As investigations continue into the bombs shipped from Yemen to the United States, the news last week about a plot to bomb Washington, DC Metro stations should not be forgotten. Indeed, the arrest of Farooque Ahmed, a naturalized U.S. citizen born in Pakistan, is evidence of another kind of ongoing terrorist threat to the United States, one that stems from citizens and immigrants.
According to reports, Ahmed conspired to bomb four Metro stations in Arlington, Va., along with an unnamed DC hotel, with people he thought were al Qaeda operatives. They were, in fact, federal agents.
Ahmed, who became a naturalized citizen when he was 17 years old, entered the United States in 1993 and earned a bachelor’s degree from a New York college. He later relocated with his wife and young son to work in the D.C. area.
Ahmed’s arrest shows the threat of smaller-scale terrorist attacks carried out by U.S. citizens is growing. U.S. citizens are particularly attractive to al Qaeda and other terrorists because they can more easily plot and prepare for attacks without drawing the attention of law enforcement, the intelligence community or the Department of Homeland Security. Faisal Shahzad, the so-called Times Square bomber, was also a naturalized American from Pakistan. He first entered the United States on a student visa.
Ahmed and Shahzad share attributes: both planned attacks that did not include an aviation component (as many past terrorist attacks and attempted attacks have); both immigrated to the United States, fully assimilating to U.S. society, by most accounts; and at some point after their immigration, both became radicalized.
While the recent incident calls for an increase in ground transportation security, the event also demonstrates the continuing need to be extra vigilant in deciding who can enter the country. It is a challenging dilemma for immigration officials, particularly when it comes to foreigners who want to enter the country to study, as Shahzad did.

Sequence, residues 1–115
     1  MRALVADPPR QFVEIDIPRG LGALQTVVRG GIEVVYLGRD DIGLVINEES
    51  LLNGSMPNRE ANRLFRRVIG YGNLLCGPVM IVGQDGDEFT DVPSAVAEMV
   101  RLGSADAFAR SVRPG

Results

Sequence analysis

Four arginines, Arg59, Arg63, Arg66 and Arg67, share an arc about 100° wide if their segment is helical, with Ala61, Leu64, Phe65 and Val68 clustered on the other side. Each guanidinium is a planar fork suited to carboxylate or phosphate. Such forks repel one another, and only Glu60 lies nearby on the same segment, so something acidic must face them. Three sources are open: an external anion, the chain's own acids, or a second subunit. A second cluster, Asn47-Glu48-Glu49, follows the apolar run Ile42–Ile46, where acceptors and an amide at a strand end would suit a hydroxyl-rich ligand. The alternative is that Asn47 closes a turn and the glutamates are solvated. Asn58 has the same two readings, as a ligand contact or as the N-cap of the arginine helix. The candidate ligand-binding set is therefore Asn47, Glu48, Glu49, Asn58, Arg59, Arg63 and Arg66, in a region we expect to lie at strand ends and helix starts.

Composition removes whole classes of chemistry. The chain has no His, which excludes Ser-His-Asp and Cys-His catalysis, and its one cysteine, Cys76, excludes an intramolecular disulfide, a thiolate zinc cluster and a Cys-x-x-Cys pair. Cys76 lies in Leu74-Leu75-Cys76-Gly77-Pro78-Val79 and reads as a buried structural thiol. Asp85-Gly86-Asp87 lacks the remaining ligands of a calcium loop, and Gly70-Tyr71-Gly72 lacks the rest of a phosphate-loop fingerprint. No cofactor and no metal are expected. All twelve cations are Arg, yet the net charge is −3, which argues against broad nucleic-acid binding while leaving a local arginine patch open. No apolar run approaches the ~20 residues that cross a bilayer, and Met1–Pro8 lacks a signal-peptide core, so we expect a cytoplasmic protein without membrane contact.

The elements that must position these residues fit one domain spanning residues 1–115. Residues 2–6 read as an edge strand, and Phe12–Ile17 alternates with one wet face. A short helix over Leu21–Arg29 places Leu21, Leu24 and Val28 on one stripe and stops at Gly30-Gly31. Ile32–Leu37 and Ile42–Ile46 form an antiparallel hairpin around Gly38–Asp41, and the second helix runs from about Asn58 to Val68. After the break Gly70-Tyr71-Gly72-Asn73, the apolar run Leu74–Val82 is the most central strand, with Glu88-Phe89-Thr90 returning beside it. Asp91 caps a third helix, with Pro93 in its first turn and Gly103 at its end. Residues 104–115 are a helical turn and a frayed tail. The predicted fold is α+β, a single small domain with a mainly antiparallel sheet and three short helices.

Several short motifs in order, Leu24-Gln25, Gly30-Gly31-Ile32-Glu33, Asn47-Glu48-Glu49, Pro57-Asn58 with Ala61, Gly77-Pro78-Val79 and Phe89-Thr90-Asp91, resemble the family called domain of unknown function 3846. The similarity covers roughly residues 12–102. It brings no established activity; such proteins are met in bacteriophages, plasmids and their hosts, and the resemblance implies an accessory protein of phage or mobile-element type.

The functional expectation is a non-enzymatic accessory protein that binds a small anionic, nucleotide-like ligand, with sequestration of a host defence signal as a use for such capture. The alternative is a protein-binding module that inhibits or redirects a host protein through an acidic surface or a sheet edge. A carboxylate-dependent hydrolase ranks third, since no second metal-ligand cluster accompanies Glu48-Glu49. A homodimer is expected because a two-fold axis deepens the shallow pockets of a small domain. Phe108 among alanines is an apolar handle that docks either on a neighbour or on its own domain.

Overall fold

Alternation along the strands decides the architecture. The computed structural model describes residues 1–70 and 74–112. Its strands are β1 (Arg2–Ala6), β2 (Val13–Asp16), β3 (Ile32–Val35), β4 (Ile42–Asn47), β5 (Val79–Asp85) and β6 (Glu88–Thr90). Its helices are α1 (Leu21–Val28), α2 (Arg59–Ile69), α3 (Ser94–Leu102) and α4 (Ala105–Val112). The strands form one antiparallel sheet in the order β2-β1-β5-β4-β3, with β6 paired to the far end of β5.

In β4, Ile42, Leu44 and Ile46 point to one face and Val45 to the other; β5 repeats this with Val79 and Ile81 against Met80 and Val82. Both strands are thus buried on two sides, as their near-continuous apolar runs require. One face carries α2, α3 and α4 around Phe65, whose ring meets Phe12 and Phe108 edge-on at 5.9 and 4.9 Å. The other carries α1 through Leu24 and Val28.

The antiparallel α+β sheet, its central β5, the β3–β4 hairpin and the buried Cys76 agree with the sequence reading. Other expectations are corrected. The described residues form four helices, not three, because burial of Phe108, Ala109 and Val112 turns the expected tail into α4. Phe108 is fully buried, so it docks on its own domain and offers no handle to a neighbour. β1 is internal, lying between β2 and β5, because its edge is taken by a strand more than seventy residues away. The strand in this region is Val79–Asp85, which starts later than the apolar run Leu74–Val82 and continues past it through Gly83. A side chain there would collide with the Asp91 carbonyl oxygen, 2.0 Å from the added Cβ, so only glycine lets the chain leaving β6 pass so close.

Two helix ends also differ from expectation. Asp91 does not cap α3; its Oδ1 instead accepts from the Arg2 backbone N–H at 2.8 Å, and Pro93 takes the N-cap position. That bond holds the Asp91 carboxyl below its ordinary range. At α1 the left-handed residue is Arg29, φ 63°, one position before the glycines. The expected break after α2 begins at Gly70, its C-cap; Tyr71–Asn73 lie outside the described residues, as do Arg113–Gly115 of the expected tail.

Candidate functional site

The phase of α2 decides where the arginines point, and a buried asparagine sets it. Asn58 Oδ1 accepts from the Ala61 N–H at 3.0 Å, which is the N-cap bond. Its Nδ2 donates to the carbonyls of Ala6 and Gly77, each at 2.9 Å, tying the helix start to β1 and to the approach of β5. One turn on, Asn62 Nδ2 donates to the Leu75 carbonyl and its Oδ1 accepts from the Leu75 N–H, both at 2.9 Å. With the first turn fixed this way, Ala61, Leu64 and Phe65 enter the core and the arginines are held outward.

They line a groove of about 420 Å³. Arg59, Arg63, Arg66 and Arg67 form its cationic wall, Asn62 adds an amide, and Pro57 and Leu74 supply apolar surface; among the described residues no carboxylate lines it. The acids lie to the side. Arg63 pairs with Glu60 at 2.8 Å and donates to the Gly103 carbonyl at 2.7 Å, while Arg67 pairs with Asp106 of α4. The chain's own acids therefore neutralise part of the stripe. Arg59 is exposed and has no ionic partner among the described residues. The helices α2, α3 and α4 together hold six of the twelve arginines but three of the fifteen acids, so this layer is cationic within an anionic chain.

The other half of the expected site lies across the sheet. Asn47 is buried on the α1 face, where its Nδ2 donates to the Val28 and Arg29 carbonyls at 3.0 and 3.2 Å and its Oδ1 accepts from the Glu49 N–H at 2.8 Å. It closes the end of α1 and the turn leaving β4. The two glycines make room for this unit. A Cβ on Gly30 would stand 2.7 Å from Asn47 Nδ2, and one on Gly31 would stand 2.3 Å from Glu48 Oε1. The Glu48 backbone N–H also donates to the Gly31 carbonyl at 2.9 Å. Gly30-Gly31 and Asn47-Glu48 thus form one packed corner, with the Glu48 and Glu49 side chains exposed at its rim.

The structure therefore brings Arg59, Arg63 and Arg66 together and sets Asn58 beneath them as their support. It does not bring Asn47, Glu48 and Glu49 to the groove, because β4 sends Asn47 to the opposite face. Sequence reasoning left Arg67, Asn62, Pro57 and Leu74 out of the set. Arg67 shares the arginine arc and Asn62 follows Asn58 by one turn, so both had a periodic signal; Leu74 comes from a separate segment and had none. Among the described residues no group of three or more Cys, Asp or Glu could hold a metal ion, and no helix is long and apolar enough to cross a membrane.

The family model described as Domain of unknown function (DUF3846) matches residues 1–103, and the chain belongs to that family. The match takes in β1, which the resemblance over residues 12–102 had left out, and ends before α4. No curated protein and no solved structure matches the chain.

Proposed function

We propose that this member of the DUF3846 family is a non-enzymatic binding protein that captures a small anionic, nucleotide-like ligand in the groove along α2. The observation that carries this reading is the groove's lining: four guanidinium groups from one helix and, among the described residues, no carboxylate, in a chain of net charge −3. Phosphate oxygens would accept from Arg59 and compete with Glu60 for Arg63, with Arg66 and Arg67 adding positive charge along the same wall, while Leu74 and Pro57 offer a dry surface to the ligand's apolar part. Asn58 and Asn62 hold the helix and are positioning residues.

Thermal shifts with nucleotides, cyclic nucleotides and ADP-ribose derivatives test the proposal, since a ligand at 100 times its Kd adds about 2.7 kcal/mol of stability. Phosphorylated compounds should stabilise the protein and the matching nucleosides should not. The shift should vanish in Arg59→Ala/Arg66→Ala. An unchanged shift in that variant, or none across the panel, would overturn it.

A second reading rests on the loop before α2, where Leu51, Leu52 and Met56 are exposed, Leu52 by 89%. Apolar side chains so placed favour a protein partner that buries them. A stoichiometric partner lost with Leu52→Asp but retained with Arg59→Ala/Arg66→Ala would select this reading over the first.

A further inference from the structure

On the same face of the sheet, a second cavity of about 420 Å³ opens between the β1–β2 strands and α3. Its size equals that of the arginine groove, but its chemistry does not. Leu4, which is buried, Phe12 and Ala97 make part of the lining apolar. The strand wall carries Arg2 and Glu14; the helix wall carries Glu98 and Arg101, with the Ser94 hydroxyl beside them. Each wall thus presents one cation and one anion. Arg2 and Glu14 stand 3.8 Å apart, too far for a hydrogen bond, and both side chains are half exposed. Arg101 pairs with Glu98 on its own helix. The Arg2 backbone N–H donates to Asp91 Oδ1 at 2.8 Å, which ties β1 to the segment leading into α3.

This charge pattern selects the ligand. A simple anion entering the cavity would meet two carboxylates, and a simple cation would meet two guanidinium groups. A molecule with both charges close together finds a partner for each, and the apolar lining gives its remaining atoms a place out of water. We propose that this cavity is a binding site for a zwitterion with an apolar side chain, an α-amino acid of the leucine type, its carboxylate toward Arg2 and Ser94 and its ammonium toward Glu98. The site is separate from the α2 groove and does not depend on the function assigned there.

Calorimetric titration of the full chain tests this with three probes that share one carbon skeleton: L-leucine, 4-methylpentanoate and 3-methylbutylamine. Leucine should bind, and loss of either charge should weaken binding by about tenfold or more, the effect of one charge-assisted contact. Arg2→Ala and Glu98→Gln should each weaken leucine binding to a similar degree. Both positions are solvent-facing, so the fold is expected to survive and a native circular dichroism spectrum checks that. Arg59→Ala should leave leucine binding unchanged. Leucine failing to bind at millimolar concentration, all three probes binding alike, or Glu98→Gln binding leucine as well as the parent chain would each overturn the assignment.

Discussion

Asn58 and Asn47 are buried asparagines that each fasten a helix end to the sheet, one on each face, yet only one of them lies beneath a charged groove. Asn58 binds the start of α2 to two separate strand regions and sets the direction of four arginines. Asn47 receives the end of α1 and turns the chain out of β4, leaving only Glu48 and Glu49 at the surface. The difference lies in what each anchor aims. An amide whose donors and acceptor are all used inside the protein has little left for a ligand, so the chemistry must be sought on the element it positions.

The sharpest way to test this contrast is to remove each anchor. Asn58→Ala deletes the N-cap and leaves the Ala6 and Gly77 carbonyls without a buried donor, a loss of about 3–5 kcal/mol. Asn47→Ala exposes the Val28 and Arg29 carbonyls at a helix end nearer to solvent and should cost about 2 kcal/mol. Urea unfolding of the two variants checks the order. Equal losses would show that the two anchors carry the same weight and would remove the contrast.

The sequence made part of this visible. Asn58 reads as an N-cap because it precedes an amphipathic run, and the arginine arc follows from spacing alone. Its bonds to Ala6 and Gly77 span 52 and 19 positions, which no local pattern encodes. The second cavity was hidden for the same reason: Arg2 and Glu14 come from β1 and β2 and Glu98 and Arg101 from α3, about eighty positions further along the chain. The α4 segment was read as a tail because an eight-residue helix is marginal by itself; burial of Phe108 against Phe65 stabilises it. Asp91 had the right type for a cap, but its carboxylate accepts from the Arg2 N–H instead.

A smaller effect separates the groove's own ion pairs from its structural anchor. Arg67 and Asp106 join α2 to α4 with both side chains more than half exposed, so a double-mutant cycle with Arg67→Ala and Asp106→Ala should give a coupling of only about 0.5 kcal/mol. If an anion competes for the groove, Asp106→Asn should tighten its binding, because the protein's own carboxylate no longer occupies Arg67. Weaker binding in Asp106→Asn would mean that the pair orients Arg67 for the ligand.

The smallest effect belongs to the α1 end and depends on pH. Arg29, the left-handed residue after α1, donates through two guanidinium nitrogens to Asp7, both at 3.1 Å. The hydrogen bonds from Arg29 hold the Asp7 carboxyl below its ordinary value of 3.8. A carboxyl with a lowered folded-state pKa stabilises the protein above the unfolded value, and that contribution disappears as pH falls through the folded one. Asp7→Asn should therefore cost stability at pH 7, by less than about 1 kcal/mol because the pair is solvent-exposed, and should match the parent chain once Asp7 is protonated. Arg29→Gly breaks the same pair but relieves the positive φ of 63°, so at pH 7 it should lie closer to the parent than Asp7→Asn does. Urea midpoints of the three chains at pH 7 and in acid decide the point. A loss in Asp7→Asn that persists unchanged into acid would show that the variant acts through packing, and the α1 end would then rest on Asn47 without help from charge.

Bringing international students to study in the U.S. education system is an exceptional way of creating and maintaining intercultural relationships between the United States and other countries; however, it also opens the door to those who seek to abuse the system.
U.S. Immigration and Customs Enforcement stood up the Student and Exchange Visitor Program (SEVP) to track and monitor foreign students and exchange visitors throughout the duration of their time in the U.S. education system. SEVP collects and maintains foreign students’ information so that, ideally, only legitimate students can gain entry into and remain in the country. To carry out the mission effectively, SEVP works closely with the academic and law enforcement communities to close loopholes in the program while still maintaining the United States’ reputation as a welcoming country for foreign students and exchange visitors.
Sharing our educational system with top talents from across the globe provides invaluable benefits for students, their home country, and America as well, expanding cultural understanding and improving international relations. To maintain these opportunities, however, the United States must continue to build a strong security framework, such as with SEVP, to weed out those who mean America harm.